The Canadian Red Cross is seeking more volunteers across New Brunswick, saying recent disasters and tragedies have been a wake-up call.

Katie Elisio, co-ordinates disaster response for the Red Cross in Fredericton

Katie Elisio, who co-ordinates disaster response for the Red Cross in Fredericton, would like to see 50 more volunteers in the province. (CBC)

"While storms like Arthur last month and Bertha this week are topical, the fact is that New Brunswick has experienced a plethora of disasters and emergencies of late, from winter and spring ice storms, to flooding, to the Plaster Rock derailment, to the lockdown of entire neighbourhoods after the tragic police shooting in Moncton, and we need trained volunteers, supplies and resources in place to support individuals and emergency management authorities anytime and any place such hazards to public safety arise," said Bill Lawlor, provincial director for the Canadian Red Cross.

The organization currently has about 250 volunteers on-call in the province, but would like to have about 50 more to be better prepared for future emergencies, said Katie Elisio, who co-ordinates disaster response for the Red Cross in Fredericton.

"More and more now we're seeing bigger and larger disasters that just take up a lot of our time," said Elisio.

"And with ever-emerging new disasters, we kind of have to meet the demand and meet the resource."

Elisio says in situations like Arthur, when help is required in a wide geographic area and for long periods of time, it's difficult because volunteers are often also victims.

Red Cross volunteers helped supply water post-Arthur

Red Cross volunteers helped supply water to thousands of people across New Brunswick post-Arthur. (CBC)

The storm delivered high winds and heavy rains to the region on July 5, knocking out power to homes and businesses across the province. At the peak of the outages, 140,000 NB Power customers were affected.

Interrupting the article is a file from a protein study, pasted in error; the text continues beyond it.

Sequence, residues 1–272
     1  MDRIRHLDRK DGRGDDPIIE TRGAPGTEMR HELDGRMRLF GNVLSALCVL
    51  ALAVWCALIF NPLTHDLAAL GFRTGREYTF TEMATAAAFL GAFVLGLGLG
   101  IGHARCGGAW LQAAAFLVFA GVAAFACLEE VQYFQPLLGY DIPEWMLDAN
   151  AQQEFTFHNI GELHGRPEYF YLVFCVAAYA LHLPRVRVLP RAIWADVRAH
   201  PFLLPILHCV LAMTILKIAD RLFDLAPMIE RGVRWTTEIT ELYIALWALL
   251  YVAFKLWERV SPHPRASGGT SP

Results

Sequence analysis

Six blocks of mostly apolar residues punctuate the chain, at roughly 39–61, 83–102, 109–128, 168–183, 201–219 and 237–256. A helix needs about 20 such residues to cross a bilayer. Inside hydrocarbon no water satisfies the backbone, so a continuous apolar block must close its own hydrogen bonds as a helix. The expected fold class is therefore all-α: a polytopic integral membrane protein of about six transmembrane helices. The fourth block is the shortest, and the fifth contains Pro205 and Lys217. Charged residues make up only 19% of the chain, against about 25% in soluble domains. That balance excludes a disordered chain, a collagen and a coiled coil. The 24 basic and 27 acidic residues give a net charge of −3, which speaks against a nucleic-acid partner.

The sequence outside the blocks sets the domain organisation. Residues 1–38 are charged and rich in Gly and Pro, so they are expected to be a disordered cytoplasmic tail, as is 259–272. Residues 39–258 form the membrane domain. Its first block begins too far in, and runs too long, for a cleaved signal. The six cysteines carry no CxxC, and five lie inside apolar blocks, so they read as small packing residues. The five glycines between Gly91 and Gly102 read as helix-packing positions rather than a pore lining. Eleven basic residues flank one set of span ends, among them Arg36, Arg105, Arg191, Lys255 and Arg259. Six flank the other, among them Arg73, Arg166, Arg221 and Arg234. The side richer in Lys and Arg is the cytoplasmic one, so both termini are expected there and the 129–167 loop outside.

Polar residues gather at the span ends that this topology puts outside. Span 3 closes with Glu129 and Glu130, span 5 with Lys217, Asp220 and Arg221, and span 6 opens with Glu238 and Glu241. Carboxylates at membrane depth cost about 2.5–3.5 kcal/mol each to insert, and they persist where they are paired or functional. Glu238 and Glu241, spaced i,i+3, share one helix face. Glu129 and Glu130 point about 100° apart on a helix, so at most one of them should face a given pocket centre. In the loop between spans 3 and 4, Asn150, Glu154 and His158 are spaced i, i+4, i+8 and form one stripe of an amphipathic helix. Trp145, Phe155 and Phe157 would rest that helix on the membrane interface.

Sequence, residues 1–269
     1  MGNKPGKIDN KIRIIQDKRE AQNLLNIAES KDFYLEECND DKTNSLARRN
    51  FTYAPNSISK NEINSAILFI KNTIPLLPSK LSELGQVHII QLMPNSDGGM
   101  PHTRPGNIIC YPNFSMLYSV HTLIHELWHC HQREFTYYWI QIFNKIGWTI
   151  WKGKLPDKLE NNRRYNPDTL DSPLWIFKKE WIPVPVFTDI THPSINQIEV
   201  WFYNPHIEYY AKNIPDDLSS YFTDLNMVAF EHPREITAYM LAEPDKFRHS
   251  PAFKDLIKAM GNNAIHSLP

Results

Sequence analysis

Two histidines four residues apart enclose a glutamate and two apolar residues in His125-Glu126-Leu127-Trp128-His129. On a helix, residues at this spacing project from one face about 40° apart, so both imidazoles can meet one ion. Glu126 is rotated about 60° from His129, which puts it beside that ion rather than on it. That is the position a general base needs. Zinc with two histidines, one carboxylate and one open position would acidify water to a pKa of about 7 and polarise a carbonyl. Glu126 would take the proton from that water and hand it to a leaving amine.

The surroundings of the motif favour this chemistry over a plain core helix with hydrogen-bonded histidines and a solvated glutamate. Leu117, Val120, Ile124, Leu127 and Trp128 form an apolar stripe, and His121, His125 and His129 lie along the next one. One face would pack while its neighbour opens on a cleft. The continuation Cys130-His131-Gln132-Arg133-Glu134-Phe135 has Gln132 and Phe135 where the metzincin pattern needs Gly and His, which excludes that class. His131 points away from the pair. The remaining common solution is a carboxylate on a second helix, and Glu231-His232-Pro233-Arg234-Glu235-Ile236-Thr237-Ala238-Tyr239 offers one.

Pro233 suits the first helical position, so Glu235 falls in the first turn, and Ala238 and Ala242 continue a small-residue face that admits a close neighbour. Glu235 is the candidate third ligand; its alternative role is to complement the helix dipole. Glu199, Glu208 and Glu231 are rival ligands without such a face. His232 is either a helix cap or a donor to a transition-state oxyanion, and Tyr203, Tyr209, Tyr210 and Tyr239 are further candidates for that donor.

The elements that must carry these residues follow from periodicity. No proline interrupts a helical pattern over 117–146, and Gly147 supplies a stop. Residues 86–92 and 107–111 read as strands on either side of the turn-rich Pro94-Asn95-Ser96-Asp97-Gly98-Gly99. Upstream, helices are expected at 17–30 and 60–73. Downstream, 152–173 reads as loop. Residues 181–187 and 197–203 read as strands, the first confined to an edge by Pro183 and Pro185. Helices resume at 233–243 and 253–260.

Many people went more than a week without electricity. Some people also lost their water supply.

Fredericton was one of the hardest hit communities. Volunteers helped operate the Grant-Harvey Centre and Willie O’Ree Place, giving area residents a place to shower, charge their electronic devices and get water.

Krista Stewart became a Red Cross volunteer just prior to the big storm and saw first-hand how resources were stretched, putting in 12 hours a day.

“It was kind of trial by fire. So I’ve learned some things,” she said.

Charles Newman, Red Cross volunteer

Charles Newman, of Fredericton, has been a Red Cross volunteer for 20 years, helping with local and international disasters. (CBC)

In the days following Arthur, 158 disaster volunteers gave thousands of hours providing support, either face-to-face or by telephone, to more than 3,300 people struggling with prolonged power outages, food spoilage and other storm impacts, Red Cross officials say.

In addition to such large-scale events, Red Cross disaster volunteers typically respond one or more times a week to smaller events, such as house or apartment fires, where residents are suddenly forced temporarily or permanently from their homes.

When they are not responding to emergencies, volunteers may be providing information sessions and workshops on personal and community disaster preparedness.

Charles Newman has been a volunteer for about 20 years, helping with local disasters and international tragedies, including being at Ground Zero after 9/11.

"It's indescribable, the feeling that there's so much death around you, going up in smoke," he said.

Red Cross volunteers typically receive about 40 hours of training, including leadership, personal disaster preparedness, first aid and CPR.

They must be at least 18 years old, with no criminal record, and agree to be on call on a rotational basis.